Session Title: Fibromyalgia and Soft Tissue Disorders
Session Type: Abstract Submissions (ACR)
Despite wide use of corticosteroid injection in the treatment of soft tissue and articular disorders, there is little data about its efficacy. We conducted a retrospective study to evaluate the effectiveness of corticosteroid (CS) and local anesthetic (LA) injections for treatment of musculoskeletal disorders (MSD).
The study was conducted at VA NYHHS; Brooklyn facility. Patients 18-85 years old who underwent CS or LA injection for MSD were identified by billing codes. The patients were invited to participate in a 28-question telephone survey. Information was collected regarding informed consent, impact on pain using pain score (PS 0-10), patient global assessment (PGA 0-100, 0 very poor-100 very well), functional status (M-HAQ) and side effects. Additional data was obtained by chart review. Descriptive analysis of all data collected and comparison of PS and PGA before and after the procedure were conducted.
116 patients were included in the final analysis. The average patient age was 60 years old, 85.3% men and 14% women.
The procedures were performed by different specialties, Rheumatology (30.17%), Podiatry (28.45%), Orthopedics (17.24%), Physical Medicine and Rehabilitation (12.07%), and Pain Management (12.07%). The most common indications were knee osteoarthritis (20.68%), plantar fasciitis (15.92%), rotator cuff tendinitis/impingment (15.92%) and trigger finger (8.62%). LA were used in combination with CS in the majority of procedures (91.96%).
Patients’ overall satisfaction with their procedure was 85%. The average PS prior to the procedure was 8.6; post-procedure average PS decreased to 2.8 (p<0.001Wilcoxon signed rank test). 69.93% of patients reported immediate relief after the injection. PGA before and after the procedure improved from an average 24 to 75 (p<0.001Wilcoxon signed rank test). 87.9% of patients reported that they experienced improvement in functional status; patients reported improvement in the ability to dress (34%), ability to get in and out of bed (45%), ability to lift a cup to their mouth (24%), ability to walk outdoors on flat ground (50%), ability to turn regular faucets (23%), ability to get in and out of a vehicle (49%). 57.76% of patients reported less analgesic use after the procedure; the average benefit of the injection was 6.18 months (range 0-24 months). 25.86% of the patients had a second injection and 12.93% of the patients underwent surgery for the same MSD. No serious adverse effects were reported; 3 patients reported bruising, 1 patient mild bleeding with the injection, 3 patients reported skin changes and 1 uncontrolled hypertension afer the procedure. No infections were reported.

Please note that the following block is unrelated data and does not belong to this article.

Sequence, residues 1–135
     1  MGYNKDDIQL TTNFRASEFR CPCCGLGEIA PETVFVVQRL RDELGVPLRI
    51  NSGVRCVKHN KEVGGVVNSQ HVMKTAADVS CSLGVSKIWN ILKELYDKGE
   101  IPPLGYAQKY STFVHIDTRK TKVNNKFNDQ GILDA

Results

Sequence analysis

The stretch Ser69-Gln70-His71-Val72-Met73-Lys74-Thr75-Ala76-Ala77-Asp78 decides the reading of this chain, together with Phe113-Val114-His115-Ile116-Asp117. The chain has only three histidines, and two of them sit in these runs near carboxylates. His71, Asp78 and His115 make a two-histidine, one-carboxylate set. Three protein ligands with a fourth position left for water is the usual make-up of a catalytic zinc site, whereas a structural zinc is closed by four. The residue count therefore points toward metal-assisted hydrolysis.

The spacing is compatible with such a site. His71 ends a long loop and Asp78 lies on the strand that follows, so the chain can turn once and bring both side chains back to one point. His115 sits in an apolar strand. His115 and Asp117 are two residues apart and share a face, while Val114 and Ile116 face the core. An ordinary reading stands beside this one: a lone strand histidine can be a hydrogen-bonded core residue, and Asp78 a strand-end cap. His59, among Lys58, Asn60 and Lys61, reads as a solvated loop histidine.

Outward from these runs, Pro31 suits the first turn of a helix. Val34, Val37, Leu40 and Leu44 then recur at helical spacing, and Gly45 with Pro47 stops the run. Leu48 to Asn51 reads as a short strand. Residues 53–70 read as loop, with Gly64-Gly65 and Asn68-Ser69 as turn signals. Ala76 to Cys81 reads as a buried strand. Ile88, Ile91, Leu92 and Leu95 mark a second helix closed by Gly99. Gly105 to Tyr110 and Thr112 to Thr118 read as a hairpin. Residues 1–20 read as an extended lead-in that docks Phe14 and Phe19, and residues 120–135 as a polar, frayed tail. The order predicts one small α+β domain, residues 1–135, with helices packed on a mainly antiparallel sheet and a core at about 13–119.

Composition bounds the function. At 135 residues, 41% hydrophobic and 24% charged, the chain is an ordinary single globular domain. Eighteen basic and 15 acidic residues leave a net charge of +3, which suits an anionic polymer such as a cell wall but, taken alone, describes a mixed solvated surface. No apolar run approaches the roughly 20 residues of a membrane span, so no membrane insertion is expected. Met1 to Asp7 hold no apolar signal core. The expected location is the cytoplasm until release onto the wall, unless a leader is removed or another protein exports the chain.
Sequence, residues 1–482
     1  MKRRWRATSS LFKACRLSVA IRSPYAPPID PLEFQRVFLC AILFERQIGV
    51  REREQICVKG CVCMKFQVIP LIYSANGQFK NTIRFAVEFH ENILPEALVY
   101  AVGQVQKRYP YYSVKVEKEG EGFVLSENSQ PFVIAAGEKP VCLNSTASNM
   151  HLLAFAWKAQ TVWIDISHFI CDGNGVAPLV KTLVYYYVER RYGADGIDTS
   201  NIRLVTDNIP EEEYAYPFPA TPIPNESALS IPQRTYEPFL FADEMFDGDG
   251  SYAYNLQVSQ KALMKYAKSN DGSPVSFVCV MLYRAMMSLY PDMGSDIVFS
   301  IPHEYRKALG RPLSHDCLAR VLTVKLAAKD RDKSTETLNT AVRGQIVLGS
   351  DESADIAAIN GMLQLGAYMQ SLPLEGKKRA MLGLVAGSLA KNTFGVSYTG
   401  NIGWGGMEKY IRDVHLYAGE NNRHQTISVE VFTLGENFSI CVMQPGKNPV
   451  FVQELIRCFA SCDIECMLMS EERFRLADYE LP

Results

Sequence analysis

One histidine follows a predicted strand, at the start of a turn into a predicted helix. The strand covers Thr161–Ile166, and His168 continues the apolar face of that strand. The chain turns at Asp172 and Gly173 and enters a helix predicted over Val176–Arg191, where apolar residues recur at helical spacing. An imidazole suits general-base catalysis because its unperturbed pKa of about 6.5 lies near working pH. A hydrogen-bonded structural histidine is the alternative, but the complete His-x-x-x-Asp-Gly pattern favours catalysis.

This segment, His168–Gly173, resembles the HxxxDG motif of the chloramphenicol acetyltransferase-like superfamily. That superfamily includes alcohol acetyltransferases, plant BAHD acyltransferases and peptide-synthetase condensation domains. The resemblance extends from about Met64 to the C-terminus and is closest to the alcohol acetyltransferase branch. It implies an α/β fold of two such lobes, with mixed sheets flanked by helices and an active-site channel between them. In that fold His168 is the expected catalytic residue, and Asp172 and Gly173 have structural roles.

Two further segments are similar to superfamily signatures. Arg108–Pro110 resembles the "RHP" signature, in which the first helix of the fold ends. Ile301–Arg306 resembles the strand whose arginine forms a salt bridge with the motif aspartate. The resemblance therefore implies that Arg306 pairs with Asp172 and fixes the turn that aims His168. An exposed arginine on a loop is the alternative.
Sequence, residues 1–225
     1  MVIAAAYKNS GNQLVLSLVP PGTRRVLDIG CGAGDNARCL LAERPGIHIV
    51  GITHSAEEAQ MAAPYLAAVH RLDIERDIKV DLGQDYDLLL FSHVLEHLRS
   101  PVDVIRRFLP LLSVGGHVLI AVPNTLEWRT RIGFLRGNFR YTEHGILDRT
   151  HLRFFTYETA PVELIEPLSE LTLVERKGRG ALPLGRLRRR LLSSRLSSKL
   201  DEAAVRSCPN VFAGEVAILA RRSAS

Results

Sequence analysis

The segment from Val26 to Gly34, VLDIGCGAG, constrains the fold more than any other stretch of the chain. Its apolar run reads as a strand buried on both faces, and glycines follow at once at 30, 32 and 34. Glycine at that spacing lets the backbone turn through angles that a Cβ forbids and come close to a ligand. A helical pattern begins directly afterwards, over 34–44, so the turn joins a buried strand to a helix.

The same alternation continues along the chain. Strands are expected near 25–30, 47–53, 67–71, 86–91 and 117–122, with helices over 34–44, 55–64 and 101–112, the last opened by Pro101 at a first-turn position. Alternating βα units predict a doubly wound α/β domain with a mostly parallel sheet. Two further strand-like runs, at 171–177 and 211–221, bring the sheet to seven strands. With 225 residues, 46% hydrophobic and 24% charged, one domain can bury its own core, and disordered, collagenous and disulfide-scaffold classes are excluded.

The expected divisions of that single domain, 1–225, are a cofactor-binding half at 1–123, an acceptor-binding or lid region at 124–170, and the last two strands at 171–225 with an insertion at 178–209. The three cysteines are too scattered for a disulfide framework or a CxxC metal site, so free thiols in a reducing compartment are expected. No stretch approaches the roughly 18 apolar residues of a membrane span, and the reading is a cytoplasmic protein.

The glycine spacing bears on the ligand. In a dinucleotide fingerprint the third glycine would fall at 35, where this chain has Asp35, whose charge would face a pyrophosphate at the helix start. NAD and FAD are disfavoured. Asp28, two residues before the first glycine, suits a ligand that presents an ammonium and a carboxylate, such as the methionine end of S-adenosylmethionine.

This retrospective study found that CS injections for MSD are associated with significant self-reported reduction in pain and improvement in functional status. There was high reported satisfaction with the procedures and benefits were long-lasting (average 6 months). Corticosteroid injections should be considered an important tool for clinicians treating musculoskeletal conditions. This study is limited by recall bias and diversity of procedures.
J. B. Toro,
D. M. Lazaro,
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ACR Meeting Abstracts - https://acrabstracts.org/abstract/efficacy-and-safety-of-joint-and-soft-tissue-injections-a-retrospective-study/